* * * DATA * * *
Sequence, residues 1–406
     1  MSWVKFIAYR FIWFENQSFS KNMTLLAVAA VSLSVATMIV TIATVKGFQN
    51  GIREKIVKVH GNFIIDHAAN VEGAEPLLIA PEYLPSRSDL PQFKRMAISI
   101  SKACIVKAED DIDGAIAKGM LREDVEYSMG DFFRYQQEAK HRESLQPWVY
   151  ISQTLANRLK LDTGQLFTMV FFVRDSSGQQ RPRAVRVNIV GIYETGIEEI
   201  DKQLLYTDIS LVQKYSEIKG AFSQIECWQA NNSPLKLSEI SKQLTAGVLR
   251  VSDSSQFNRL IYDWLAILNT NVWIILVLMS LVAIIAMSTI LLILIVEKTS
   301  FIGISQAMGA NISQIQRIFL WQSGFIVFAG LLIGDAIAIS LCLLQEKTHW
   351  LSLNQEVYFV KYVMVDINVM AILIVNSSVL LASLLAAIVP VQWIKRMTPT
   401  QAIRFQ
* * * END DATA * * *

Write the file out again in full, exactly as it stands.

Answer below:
Sequence, residues 1–406
     1  MSWVKFIAYR FIWFENQSFS KNMTLLAVAA VSLSVATMIV TIATVKGFQN
    51  GIREKIVKVH GNFIIDHAAN VEGAEPLLIA PEYLPSRSDL PQFKRMAISI
   101  SKACIVKAED DIDGAIAKGM LREDVEYSMG DFFRYQQEAK HRESLQPWVY
   151  ISQTLANRLK LDTGQLFTMV FFVRDSSGQQ RPRAVRVNIV GIYETGIEEI
   201  DKQLLYTDIS LVQKYSEIKG AFSQIECWQA NNSPLKLSEI SKQLTAGVLR
   251  VSDSSQFNRL IYDWLAILNT NVWIILVLMS LVAIIAMSTI LLILIVEKTS
   301  FIGISQAMGA NISQIQRIFL WQSGFIVFAG LLIGDAIAIS LCLLQEKTHW
   351  LSLNQEVYFV KYVMVDINVM AILIVNSSVL LASLLAAIVP VQWIKRMTPT
   401  QAIRFQ